FORT BENNING, Ga. (Christian Examiner) - Two years after the Pentagon announced it would lift its ban on female service members serving in combat, this week two female soldiers will graduate from the Army's elite Ranger School. The pair will make history as the first women to complete what is considered the Army's premier leadership course and one of the U.S. military's most rigorous and intense training programs.
What happens next for the women, recently identified by the Army as Captain Kristen Griest and First Lt. Shaye Haveronly, as well as for the 17 other women who started with them but did not complete the program - is yet to be determined. According to the New York Times, Griest has served as a military police platoon leader and Haver as a pilot on an Apache helicopter in an aviation brigade.
The Army as well as the other military branches must decide by the end of the year whether to allow women to serve in combat infantry or other off-limit roles.
Current military rules do not allow women to serve as infantry or tank officers or in any kind of infantry command position, positions commonly tasked to those who've earned their Ranger tabs, a group representing less than 3 percent of active-duty soldiers.
That means the women who graduate from Ranger School on Friday, unlike their male counterparts, won't have similar career advancement opportunities such as trying out for the Army's 75th Ranger Regiment, an elite light infantry division.
More than 4,000 officers and enlisted soldiers begin Ranger School every year, but only two out of five actually graduate. The two graduating female soldiers had to endure 20-hour days in an intensive nine-week period that offered physical conditioning but also moved them around various locations such as the mountains of Georgia and the swampy Florida Panhandle.
Critics still ask if female soldiers in combat roles will hurt mission
However, the idea of women serving in combat roles has been met with mixed reactions since the Pentagon started exploring the idea in 2013. That year, Robert Maginnis, a retired Army lieutenant colonel and West Point graduate, told Time Magazine he was concerned standards would be lowered and cited as proof, the 2011 Report of the Military Leadership Diversity Commission, which he said clearly showed personnel policy was being driven by diversity, the "highest priority" of the Obama administration - and not military readiness.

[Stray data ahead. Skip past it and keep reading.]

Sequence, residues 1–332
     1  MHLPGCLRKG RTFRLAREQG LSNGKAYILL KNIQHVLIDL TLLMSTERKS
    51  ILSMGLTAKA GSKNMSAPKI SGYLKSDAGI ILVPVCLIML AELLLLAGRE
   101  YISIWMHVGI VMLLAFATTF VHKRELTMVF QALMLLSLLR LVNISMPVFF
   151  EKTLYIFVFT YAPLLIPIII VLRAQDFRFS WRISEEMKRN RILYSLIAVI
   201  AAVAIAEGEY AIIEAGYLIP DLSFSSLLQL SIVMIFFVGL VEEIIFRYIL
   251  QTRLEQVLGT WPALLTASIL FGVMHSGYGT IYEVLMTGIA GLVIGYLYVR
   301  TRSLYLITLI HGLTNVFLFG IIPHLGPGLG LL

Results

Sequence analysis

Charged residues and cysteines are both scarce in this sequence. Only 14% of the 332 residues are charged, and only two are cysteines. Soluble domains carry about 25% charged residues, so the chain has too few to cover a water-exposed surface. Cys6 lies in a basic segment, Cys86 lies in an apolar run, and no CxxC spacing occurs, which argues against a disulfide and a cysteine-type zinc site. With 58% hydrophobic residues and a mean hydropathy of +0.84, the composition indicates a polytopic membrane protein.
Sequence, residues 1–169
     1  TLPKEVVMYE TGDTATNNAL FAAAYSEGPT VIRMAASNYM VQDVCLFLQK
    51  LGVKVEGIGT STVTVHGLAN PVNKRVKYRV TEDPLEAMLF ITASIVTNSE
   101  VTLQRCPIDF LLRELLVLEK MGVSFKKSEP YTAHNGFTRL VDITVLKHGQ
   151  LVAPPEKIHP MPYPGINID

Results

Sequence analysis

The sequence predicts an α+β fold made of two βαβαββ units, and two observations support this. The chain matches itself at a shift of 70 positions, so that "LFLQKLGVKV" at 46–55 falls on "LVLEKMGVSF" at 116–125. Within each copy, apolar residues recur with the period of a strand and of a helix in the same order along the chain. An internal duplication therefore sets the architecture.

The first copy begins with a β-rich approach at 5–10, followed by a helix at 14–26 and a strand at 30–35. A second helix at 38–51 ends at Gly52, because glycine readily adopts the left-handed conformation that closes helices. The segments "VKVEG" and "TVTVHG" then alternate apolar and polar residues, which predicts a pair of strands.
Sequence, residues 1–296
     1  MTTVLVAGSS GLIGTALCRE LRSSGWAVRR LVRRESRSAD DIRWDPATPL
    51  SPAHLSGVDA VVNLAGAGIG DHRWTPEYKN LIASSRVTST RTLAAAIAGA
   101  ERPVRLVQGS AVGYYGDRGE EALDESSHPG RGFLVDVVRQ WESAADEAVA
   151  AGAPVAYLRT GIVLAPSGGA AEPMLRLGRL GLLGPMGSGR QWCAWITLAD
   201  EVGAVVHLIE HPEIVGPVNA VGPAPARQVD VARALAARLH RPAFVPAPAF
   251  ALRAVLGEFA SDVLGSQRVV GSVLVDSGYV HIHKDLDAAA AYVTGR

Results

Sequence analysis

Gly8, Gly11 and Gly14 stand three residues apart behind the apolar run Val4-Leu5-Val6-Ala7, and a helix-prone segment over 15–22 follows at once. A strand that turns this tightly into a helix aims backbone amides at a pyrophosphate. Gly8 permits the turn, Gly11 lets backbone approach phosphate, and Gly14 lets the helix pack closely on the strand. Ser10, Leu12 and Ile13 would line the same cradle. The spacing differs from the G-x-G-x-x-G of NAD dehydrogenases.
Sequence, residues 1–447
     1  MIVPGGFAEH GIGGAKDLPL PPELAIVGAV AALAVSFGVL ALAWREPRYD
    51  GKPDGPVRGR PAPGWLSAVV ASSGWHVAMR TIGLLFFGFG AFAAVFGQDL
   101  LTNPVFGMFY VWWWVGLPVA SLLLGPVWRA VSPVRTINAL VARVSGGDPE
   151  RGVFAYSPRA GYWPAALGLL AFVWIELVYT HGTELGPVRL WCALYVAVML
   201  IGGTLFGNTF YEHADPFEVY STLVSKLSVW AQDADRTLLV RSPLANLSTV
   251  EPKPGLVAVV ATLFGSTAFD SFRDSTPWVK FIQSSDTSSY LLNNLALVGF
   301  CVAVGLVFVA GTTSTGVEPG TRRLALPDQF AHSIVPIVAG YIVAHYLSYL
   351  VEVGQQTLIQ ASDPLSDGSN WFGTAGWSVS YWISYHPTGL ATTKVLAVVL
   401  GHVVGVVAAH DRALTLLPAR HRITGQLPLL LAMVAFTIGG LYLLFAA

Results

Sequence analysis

In the combat environment, the differences between men and women in speed, strength, endurance, agility, physical resiliency, and psychological resiliency represents an unbridgeable gap. The impact on the battlefield is dramatic.
Still, others acknowledge the visibility of women in combat roles has steadily increased since the wars in Afghanistan and Iraq began over a dozen years ago, serving as helicopter door-gunners and Humvee top-gunners and even in intelligence gathering as part of a SEAL team's top-secret squadron.
The Army Times reported earlier this summer that more than 20,000 combat engineer speciality positions opened to enlisted female service members.
Col. David G. Fivecoat, the commander of the Army's Airborne and Ranger training brigade, told the NYT how on a previous deployment five years ago, he regularly assigned two female service members to his combat maneuver companies for the specific purpose of searching Afghan women and children when necessary, which helped avoid angering the locals.
The Army has stressed how female soldiers are required to meet the same standards as the males, including the initial physical tests — 49 push-ups, 59 sit-ups, six chin-ups, and a five-mile run in no more than 40 minutes -- though they acknowledge the women have taken longer to make it to graduation than most students who complete Ranger School.
A Washington Times article in May reveals that the female officers actually had to retake the course a second time before finally passing. Army officers have also said that it is not unusual for male students to have to redo as many portions of the course as the women have -- and the statistics can be confusing because most of the students are male.
It's the physical demands and genetic differences that critics of the military's attempt at gender-equalizing are most vocal about. In an article at National Review, Mike Fredenburg cited a study by Britain's Tri-Service Review which found "that mixed-gender combat units have 'lower survivability,' a 'reduced lethality rate' and reduced deployability.
"In the combat environment, the differences between men and women in speed, strength, endurance, agility, physical resiliency, and psychological resiliency represents an unbridgeable gap," wrote Fredenburg. "The impact on the battlefield is dramatic."
Fivecoat said women have for years played significant roles in combat, perhaps just not officially.
"We've all been doing this for the last 13, 14 years, out of necessity," he said in the NYT article.
Editor's Note: This article was updated Aug. 20 to reflect new information the Army released identifying the two female Ranger graduates by name.